HIPAA Right of Access and Information Blocking

 

For decades the idea of patients being in control of their health information was given little more than tacit support by our government as the healthcare industry at large didn’t consider it to be beneficial or worth the time and money to implement, and the technology vendors themselves had their own motives. Things certainly have changed, and if it was not for federal action, they would not have. For the past few years, the position of Health and Human Services (HHS) has been crystal clear – patients have a right to access their healthcare records in a timely fashion and in the manner in which they desire, and if you hinder that access, you will be held accountable. To date, there has been 18 Right of Access violations assessed by the Office for Civil Rights (the HIPAA police under HHS). It has been the most active area of enforcement since COVID began, and while other areas of HIPAA have been relaxed to address the public needs and organization changes like work from home, there’s been a considerable uptick in Right of Access enforcement. And it just got more interesting.

As of April 5th, 2021, HIPAA has a new final rule we will refer to as the Information Blocking rule. This final rule was scheduled to start in November of last year but was delayed due to COVID. In short, there’s now a new construct in place that goes into greater detail on what constitutes a right of access violation and what the penalty enforcement process may be. The good news for healthcare providers is if you’re limited in your ability to comply with a patient’s records request due to the technology you use, that vendor could be on the hook for significant penalties. But we wouldn’t suggest hanging your hat on that as an excuse to circumvent this law. You’ll still find yourself under scrutiny that will require time and likely money to get out of. That said, there are a handful of exceptions that may warrant you not complying with this new law. The full law and the exceptions can be viewed here: Electronic Code of Federal Regulations (eCFR).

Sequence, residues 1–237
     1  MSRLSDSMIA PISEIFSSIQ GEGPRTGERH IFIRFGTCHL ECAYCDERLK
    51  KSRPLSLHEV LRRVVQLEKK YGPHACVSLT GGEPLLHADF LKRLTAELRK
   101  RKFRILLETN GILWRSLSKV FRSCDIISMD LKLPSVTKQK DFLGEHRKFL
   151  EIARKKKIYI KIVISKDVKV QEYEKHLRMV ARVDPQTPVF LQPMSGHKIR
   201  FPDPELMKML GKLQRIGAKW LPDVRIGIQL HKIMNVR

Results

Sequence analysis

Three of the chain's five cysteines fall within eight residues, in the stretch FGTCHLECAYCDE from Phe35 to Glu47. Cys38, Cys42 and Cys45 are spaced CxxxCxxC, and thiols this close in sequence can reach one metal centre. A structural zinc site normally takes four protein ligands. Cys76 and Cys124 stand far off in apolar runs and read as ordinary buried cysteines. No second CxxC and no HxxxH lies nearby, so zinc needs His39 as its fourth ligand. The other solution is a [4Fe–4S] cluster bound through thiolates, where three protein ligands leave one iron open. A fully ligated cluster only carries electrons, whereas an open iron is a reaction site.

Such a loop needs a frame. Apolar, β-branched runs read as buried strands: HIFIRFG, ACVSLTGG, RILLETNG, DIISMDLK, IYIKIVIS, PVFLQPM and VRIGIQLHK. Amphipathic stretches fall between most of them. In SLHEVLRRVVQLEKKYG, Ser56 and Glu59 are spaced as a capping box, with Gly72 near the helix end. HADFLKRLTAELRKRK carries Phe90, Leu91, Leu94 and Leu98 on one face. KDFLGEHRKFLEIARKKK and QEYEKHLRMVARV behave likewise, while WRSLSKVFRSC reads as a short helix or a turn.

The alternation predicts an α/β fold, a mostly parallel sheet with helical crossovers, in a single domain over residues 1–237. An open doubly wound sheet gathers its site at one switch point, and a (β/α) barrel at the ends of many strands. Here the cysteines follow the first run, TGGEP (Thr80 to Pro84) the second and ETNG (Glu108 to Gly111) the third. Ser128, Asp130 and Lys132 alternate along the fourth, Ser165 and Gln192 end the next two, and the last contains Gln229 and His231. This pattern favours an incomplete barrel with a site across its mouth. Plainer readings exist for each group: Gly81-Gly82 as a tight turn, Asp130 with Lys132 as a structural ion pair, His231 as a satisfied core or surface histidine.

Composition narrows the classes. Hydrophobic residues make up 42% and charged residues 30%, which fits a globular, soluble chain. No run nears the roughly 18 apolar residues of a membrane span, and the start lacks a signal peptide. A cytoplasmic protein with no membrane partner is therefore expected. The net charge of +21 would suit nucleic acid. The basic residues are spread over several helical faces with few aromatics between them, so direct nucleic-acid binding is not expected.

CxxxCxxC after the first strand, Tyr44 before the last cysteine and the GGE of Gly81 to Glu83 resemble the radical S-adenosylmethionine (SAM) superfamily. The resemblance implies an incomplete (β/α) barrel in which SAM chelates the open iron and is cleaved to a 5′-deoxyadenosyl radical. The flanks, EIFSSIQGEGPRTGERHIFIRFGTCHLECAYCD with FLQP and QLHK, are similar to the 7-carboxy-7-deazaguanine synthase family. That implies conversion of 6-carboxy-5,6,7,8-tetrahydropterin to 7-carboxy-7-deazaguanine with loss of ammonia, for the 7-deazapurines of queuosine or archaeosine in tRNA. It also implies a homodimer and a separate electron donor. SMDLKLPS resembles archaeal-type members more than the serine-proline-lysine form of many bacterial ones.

Finally, the new law introduces a new penalty process for providers and Covered Entities, and this is where things may get murky. The Act requires the Office of Inspector General (OIG) to refer Covered Entities to an “appropriate agency” for the Orwellian phrase, and as yet to be determined “appropriate disincentives”.

If this law impacts you, we urge you to be certain your records management and release process is robust, redundant, reliable, repeatable, and trackable. If this is not the case, then call us or get help to make it that way. While we may not know what “appropriate disincentives” to be doled out by some “appropriate agency” may mean, we DO KNOW that OCR is actively and aggressively enforcing Right of Access rules and now they have a new bag of tricks. Don’t let yourself get caught in this rat’s nest.

While you tend to the many tasks before you, be sure to be keeping yourself and your staff alert for the many miscreants scheming to steal from you. Think before you click or enter sensitive data into a website.

Enjoy Spring!

Thank you for reading.

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If you have any questions or if you are concerned about your organization’s cybersecurity, give us a call at (800) 970-0402. We’ll be happy to help.


For more HIPAA information, download our ebook – The Ultimate HIPAA Compliance Handbook.

The HIPAA Security Rule requires the implementation of a security awareness and training program for all members of its workforce (including management). Have your team sign up for a weekly HIPAA Security Reminder to help stay compliant.